Then, as we climbed, the path meandered beside a three-foot high glacier and we got out the camera – this was midsummer, after all, and we were touching the snow.
We hadn’t intended to go this high, but, after some two hours and a 1,000 foot ascent, we rounded a bend and spied Whistler Peak summit, together with the Skybridge.
The summit itself isn’t your archetypal vision of a mountain top, but rather a huge area with pretty little paths branching off in different directions, each offering a better mountain prospect than the previous. There’s also an Inuksuk, an enormous man-made stone monument traditionally built by the indigenous peoples – the perfect backdrop for everyone’s snapshot.
And what of the Skybridge itself? Well, we felt quite secure within its five-foot high sides, although, yes, you could see through the floor grating to the glaciated Whistler Bowl some distance below.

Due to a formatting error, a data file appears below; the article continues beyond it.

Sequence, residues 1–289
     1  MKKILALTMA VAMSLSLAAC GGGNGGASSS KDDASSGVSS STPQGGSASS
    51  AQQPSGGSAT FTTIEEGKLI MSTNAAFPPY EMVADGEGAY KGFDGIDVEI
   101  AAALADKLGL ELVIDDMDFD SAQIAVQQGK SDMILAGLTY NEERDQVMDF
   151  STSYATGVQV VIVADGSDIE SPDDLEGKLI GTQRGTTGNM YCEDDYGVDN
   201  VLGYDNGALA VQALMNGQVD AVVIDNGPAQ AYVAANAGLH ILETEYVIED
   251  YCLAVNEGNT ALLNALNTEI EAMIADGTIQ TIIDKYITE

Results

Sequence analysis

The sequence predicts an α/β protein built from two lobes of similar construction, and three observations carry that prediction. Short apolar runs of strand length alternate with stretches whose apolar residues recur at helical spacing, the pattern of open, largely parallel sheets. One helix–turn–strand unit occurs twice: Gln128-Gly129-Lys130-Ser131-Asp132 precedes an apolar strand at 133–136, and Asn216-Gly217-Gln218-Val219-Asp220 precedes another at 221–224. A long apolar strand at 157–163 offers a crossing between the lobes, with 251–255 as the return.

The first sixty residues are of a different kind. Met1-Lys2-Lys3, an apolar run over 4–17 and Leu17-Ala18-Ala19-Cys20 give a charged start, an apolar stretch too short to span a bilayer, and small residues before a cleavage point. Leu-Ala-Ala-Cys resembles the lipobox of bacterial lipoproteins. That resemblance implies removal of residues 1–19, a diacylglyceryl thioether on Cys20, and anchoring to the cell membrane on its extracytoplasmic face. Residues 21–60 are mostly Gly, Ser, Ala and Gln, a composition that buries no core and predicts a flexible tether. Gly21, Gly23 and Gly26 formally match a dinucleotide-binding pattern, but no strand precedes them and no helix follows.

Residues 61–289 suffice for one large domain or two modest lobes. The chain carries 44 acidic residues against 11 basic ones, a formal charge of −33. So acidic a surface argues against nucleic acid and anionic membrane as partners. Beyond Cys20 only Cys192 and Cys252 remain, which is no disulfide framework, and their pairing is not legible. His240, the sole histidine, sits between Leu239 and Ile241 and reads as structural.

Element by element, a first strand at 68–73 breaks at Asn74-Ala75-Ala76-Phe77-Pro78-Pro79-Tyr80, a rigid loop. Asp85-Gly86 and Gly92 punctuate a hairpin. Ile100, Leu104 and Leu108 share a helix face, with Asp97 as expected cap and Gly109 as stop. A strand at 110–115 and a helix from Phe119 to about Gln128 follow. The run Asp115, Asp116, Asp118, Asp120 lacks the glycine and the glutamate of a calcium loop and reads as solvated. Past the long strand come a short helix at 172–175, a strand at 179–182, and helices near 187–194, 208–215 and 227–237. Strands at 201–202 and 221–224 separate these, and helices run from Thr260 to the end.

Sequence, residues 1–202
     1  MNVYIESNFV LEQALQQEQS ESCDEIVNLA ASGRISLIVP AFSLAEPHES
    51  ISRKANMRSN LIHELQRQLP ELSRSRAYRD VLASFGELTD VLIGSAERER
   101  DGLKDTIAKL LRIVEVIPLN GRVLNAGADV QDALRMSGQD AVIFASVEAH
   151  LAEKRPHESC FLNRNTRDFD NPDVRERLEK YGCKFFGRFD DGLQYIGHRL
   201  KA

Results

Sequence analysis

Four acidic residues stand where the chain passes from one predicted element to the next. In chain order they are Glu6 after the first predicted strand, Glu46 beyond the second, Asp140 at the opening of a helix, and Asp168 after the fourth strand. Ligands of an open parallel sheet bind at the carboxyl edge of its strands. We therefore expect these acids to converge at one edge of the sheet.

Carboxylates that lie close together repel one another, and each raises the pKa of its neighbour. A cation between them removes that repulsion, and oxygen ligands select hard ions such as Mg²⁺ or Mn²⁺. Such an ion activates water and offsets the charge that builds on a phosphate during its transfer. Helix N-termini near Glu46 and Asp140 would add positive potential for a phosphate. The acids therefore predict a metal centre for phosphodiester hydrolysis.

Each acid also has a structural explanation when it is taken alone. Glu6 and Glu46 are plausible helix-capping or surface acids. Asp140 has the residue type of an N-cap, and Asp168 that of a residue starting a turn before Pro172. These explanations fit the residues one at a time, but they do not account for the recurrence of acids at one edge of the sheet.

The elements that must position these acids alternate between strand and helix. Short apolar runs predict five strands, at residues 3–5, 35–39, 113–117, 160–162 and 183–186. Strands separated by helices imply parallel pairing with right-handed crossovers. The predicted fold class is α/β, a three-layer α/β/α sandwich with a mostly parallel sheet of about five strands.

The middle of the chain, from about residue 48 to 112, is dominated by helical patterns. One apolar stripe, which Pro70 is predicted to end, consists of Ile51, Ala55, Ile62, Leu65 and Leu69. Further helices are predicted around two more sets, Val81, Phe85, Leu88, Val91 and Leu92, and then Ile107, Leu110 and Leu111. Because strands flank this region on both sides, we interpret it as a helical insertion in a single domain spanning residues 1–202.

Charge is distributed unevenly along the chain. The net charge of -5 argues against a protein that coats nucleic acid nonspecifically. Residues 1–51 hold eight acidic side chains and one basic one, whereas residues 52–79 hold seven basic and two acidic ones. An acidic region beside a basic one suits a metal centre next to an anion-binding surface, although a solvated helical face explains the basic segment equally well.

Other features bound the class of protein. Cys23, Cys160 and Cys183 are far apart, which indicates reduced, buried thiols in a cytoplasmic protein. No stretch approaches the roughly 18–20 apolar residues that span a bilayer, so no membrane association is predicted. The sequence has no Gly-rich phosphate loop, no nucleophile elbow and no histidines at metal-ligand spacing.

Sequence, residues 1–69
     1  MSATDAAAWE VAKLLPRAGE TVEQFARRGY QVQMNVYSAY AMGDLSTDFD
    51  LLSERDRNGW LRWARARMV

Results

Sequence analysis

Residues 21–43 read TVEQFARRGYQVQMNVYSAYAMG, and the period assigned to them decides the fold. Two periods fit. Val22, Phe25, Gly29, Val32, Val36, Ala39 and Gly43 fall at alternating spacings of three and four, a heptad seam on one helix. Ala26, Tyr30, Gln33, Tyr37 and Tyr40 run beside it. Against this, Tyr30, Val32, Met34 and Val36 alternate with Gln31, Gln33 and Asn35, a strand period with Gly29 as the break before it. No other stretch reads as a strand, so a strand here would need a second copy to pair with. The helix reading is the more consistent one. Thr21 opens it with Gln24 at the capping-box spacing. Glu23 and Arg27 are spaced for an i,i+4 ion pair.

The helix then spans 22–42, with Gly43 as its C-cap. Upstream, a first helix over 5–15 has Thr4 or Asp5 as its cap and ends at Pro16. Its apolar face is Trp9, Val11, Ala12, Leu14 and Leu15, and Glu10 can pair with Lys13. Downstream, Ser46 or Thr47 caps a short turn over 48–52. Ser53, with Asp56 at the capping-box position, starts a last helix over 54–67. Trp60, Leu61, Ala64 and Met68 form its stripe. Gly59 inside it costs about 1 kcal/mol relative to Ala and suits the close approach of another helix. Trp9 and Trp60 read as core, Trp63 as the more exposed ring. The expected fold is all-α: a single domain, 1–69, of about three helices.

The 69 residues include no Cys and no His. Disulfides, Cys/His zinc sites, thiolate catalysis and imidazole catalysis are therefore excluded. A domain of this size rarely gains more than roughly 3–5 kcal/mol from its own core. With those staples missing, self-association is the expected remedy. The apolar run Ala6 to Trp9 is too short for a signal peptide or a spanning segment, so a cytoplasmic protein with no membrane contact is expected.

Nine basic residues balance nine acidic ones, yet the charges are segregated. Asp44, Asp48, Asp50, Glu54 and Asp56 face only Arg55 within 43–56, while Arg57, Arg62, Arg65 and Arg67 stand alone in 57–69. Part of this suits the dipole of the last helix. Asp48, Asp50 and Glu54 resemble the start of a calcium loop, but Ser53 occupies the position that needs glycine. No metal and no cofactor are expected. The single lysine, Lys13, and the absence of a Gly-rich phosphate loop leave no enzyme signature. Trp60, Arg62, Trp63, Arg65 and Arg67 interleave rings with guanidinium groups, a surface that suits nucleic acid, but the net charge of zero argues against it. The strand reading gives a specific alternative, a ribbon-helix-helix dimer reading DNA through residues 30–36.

Having scaled the Sydney Harbour Bridge, I’m tempted to call this a doddle, although it was certainly a wonderful experience, finishing at the Raven’s Eye viewing platform with 360-degree views of the mountains, lakes and Whistler Village itself.
The perfect day was rounded off by a chairlift descent, the kindly operators halting the whole system at both top and bottom to accommodate my wife.
The wonder of it all is that Whistler retains its ski resort
atmosphere throughout the year, irrespective of the presence
of the white stuff.
Barry’s Travel Tips
Barry stayed at the Westin Resort and Spa Whistler (www.marriott.com) where rooms start at £158 per night. The Peak 2 Peak Gondola ticket can be booked two days in advance for unlimited summer access at www.whistlerblackcomb.com